Brazil will help other Latin American and Caribbean countries fulfill their goals for HIV/AIDS treatment. Fulfilling these goals is a prerequisite for continuing to receive resources from the Global Fund.
Many of these countries run the risk of not having their agreements renewed, because they have failed to present substantial results in combatting and preventing the disease.
This information comes from the director of the Brazilian program to combat STD/AIDS, Pedro Chequer, who participated in a meeting on Friday, April 1st, with representatives of 13 countries that receive resources from the Global Fund to Combat AIDS, Tuberculosis, and Malaria.
Representatives from Argentina, Bolivia, Chile, Costa Rica, Colombia, Cuba, Ecuador, El Salvador, Guatemala, Honduras, Nicaragua, Peru, and the Dominican Republic attended the meeting.
The emergency plan, according to Chequer, will be ready in two months at most and will have as its hub the Center for International Technical Cooperation, headquartered in Brasília.
Measures include listing and mobilizing non-governmental organizations (NGOs) from the 13 countries. The NGOs will be trained to act in the area of HIV/AIDS. Unlike Brazil, Chequer pointed out, many of these countries have no experience working with NGOs in this area.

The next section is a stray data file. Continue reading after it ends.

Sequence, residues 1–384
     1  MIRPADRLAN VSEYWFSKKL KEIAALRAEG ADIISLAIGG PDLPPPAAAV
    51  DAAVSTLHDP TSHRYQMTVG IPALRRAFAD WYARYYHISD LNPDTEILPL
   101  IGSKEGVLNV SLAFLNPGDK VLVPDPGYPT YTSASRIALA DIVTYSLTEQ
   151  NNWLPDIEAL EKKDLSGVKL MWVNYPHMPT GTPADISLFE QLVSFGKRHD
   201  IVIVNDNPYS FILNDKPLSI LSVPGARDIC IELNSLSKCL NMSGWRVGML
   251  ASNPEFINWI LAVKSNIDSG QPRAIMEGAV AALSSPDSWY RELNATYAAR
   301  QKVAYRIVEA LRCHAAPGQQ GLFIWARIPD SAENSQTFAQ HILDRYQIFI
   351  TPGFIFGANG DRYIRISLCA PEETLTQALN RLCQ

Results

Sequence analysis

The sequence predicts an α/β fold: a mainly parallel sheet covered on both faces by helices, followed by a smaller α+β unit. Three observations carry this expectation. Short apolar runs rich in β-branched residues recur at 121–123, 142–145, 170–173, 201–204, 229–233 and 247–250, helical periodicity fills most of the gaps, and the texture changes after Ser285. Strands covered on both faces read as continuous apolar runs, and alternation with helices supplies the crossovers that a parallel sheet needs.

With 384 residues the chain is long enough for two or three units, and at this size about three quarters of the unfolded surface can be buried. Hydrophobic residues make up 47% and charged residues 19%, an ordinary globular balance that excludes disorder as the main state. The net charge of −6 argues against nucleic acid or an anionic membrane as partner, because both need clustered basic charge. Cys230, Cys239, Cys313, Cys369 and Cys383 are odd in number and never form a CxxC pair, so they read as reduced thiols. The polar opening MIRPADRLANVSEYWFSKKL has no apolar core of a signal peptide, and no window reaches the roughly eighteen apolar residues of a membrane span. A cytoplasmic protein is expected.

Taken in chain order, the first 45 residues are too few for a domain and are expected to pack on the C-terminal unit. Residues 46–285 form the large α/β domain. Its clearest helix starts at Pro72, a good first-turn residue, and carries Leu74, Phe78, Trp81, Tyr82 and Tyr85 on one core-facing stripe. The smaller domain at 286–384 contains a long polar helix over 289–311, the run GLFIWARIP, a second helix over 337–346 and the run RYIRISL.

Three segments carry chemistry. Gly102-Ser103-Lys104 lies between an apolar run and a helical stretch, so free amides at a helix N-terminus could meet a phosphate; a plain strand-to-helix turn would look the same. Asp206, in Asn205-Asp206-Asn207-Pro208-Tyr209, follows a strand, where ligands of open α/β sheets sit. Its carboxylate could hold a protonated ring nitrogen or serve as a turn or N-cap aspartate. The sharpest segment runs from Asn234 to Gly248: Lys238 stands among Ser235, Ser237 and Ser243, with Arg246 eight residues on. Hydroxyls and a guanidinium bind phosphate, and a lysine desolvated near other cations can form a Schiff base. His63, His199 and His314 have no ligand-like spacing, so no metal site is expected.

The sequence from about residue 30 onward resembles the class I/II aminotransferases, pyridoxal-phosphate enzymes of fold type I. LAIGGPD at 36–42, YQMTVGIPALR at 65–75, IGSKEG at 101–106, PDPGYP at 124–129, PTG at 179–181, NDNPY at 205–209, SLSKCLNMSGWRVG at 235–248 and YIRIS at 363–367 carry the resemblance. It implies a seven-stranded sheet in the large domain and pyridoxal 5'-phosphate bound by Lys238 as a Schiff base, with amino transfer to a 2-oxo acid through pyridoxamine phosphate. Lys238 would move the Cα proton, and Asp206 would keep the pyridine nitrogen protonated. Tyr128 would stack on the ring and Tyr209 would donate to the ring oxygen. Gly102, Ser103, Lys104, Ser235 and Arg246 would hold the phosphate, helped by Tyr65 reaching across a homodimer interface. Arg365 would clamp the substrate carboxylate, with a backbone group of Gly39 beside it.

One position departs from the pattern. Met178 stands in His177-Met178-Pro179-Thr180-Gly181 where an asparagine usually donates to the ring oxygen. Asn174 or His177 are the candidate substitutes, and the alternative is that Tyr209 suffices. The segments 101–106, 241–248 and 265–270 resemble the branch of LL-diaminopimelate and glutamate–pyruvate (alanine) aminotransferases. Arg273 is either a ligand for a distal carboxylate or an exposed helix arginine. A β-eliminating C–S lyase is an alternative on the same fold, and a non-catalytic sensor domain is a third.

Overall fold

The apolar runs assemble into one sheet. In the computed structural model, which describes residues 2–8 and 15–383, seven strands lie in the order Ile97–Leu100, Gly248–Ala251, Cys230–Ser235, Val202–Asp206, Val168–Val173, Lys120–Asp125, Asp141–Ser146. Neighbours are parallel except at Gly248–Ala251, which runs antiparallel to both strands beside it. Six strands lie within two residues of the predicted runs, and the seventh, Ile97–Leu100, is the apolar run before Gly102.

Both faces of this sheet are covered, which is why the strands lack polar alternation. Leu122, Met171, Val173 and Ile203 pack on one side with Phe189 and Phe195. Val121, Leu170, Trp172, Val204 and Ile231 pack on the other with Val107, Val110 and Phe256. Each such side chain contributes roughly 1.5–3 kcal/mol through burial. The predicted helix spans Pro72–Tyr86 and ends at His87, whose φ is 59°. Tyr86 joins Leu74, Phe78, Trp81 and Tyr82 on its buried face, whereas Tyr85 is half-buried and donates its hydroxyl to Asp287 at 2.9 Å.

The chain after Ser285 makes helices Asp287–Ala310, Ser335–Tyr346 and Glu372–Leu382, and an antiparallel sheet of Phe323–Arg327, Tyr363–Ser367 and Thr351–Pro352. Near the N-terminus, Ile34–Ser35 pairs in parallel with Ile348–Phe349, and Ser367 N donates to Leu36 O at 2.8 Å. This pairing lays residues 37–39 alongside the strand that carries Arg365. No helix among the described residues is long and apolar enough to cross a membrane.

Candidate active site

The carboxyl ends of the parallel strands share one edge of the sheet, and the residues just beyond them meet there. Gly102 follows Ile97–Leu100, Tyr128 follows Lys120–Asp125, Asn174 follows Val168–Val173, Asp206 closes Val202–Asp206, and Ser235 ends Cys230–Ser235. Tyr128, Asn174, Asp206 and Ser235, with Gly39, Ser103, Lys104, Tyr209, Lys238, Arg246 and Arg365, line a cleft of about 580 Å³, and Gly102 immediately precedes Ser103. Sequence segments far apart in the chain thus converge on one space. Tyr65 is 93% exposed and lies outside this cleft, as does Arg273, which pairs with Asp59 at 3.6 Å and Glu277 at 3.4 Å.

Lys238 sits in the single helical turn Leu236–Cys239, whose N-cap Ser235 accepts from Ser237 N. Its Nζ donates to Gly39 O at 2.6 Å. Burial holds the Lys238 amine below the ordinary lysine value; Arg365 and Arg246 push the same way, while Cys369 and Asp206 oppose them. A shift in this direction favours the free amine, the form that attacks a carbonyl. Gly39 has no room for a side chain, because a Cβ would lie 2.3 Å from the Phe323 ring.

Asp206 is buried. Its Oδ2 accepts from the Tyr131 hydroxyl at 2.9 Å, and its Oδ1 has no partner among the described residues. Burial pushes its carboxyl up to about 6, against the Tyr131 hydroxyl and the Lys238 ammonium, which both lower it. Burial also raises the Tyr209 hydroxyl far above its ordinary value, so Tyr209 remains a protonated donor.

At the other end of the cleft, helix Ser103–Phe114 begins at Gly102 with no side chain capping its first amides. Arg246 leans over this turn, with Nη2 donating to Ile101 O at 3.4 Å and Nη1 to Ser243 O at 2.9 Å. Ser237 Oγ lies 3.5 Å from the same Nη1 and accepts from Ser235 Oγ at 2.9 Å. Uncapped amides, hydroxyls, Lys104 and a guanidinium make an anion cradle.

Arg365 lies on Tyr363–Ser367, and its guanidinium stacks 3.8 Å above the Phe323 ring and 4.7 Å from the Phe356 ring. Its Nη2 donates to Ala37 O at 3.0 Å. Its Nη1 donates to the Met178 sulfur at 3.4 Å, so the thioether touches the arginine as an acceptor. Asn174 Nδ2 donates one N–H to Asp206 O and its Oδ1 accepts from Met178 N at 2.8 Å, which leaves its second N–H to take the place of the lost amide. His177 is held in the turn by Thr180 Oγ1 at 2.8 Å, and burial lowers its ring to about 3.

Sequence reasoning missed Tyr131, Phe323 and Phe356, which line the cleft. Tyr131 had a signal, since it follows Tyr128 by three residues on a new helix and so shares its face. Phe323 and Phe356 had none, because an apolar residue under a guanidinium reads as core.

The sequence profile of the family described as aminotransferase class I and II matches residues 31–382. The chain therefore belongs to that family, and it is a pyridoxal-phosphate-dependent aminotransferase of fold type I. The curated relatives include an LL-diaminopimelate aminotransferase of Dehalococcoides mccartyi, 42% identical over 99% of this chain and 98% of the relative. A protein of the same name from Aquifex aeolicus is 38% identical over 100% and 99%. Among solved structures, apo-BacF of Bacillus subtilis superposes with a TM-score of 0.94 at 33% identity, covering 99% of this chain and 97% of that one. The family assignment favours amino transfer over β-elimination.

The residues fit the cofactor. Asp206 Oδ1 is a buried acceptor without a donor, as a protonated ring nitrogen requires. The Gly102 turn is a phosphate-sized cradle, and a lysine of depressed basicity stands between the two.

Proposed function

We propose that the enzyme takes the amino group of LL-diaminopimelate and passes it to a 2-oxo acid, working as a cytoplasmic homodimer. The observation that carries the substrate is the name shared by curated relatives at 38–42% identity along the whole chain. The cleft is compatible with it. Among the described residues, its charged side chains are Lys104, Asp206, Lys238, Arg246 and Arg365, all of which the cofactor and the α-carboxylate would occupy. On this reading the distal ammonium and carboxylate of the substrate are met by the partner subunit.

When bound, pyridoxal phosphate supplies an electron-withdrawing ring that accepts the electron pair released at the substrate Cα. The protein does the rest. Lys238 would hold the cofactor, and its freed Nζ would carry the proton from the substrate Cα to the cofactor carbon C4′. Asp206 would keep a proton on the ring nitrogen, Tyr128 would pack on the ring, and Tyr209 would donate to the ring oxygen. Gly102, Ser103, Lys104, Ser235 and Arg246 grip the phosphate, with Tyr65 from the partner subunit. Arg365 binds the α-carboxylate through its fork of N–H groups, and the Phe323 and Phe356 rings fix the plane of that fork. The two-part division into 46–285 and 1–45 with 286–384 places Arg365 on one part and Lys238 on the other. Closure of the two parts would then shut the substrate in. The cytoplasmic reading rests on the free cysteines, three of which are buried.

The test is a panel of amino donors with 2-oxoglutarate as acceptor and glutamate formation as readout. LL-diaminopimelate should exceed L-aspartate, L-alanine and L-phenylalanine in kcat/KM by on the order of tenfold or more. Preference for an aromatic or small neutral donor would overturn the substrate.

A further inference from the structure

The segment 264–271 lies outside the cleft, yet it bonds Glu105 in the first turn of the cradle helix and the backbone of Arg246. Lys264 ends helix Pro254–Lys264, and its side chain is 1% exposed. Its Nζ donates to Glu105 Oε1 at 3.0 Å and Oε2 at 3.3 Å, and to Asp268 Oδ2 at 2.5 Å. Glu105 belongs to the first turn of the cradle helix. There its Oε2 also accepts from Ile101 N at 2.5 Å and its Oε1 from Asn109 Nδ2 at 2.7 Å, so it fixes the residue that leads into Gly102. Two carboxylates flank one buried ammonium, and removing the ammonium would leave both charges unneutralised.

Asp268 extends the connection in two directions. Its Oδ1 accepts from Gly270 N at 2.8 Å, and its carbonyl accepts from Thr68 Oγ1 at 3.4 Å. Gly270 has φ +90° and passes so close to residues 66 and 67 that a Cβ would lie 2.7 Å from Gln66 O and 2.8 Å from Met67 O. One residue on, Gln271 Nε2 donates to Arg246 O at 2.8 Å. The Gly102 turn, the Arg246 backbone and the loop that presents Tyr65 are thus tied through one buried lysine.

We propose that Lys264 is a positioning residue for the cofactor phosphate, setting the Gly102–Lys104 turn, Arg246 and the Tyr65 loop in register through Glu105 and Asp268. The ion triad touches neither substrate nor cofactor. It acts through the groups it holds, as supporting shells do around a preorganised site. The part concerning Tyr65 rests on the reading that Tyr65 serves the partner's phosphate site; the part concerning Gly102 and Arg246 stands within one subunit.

For the representative of the Joint United Nations Program on HIV/AIDS (UNAIDS), Raul Boyle, Brazil’s enlarging its assistance is important, together with the development of instruments for the 13 countries to cooperate amongst themselves.
“Brazil already has agreements with various countries, especially with Paraguay and Bolivia in a general sense and with the Dominican Republic to prevent the spread of AIDS from mother to child,” he explained.
The Global Fund is a partnership between governments and international foundations to raise funds and finance projects for the prevention and treatment of AIDS, tuberculosis, and malaria.
Brazil, which doesn’t receive resources from the fund, hosted the gathering by virtue of constituting the secretariat of the Group of Horizontal Technical Cooperation in HIV/AIDS (GCTH).
Translation: David Silberstein